In addition, it helps to develop more than one skill in an area that is considered hard and uncommon. This way, when you combine your skills you have an even more rare skill set that you can use to demand an even higher income.

For example, I decided to learn the programming languages JavaScript and R in my free time outside of classes in college. Eventually, these programming skills combined with my knowledge in statistics enabled me to land a data scientist job that paid $80,000 when I was just 23. Because my skill set was rare and in demand, I was able to earn a high income at a relatively young age.

Related post: How to Become a Data Scientist

Building wealth is much easier if you’re able to earn a high income. Combine this with low expenses, and you’ll find that you have an excess of cash each month that you can use to buy and/or create assets that will help you build even more wealth.

Buy and Create Assets that Pay You Over and Over Again

By developing a rare skill set, you can earn a high income. However, you’ll find that at least in the early stages you have to trade your time for money. Whether this means freelancing, working for a corporation, or consulting, you’ll likely have to exchange your time for money when you’re just starting out.

The way to separate your time from your income is to buy and create assets that earn money without your attention. Some examples include:

  • Real estate
  • Stocks
  • Websites
  • Products

Here’s how I have been able to acquire each of these assets myself:

Real estate – I choose to buy REITs, which are real estate investment trusts. These are companies that own or finance income-producing real estate. Each month, these companies pay me a dividend simply for owning them. While I could decide to buy an investment property myself, I prefer this hands-off approach that is a completely passive way to earn income. This is a perfect example of an asset because it pays me each month and requires absolutely zero time commitment from me.

Stocks – In terms of stocks, I invest exclusively in index funds. These index funds also pay me a dividend each quarter simply for owning them. In addition, the value of these index funds is highly likely to increase over the course of several decades, which means I can sell off shares whenever I’d like in exchange for cash without depleting the value of my shares.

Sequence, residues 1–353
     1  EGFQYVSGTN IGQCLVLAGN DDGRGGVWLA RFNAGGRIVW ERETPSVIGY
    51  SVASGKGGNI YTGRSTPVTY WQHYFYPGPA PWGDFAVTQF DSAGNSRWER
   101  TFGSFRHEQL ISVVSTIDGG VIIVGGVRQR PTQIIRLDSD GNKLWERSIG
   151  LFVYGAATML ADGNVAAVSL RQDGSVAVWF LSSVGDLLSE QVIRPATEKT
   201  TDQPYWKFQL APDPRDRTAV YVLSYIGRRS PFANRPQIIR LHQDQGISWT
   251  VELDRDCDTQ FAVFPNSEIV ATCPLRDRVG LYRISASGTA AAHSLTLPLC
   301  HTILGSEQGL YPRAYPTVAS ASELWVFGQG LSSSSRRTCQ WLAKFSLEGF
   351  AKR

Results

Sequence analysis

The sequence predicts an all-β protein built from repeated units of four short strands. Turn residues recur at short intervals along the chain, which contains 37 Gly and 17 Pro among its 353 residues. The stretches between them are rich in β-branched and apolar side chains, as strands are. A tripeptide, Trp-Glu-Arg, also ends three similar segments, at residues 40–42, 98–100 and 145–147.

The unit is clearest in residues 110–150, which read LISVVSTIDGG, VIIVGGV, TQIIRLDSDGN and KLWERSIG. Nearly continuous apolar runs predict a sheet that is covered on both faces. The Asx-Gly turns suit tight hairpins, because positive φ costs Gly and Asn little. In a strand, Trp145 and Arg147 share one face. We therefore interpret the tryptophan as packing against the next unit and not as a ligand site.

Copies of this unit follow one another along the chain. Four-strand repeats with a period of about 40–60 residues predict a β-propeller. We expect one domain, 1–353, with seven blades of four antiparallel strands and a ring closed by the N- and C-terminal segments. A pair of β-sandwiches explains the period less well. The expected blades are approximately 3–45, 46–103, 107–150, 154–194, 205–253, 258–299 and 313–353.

Websites – I currently own several websites (including this one) that earn income each month from ads, affiliate links, and products. Some of these websites require active attention to bring in traffic, but some are completely hands-off because traffic comes mostly from recurring organic search traffic. Each website I own is an asset that brings in income for me each month. 

Products – Products are assets because once you build them, they no longer require your attention to bring in income. You can sell the same product over and over again to different people without rebuilding it each time. Some examples of products I have on this site include The Excel Genuis Toolkit, The Data Scientist Resume Pack, and the Elements of Freedom ebook. It took time to build each of these, but now they bring in income each month without my attention.

Pursue Wealth

If you’re able to:

  • Get your “big three” expenses of housing, transportation, and food under control.
  • Acquire a rare skill set and use it to earn a high income.
  • Buy and create assets that pay you over and over again.

then building financial wealth will be inevitable. And with this financial wealth, you’ll be able to pursue:

  • Time wealth – having an abundance of free time
  • Social wealth – having an abundance of relationships
  • Physical wealth – having an abundance of health

So, pursue financial wealth. Not just so you can stare at a big number in your bank account, but so that you can gain all of the other forms of wealth that form the foundation of a rich and meaningful life.

Latest posts by Zach (see all)

Full Disclosure: Nothing on this site should ever be considered to be advice, research or an invitation to buy or sell any securities, please see my Terms & Conditions page for a full disclaimer.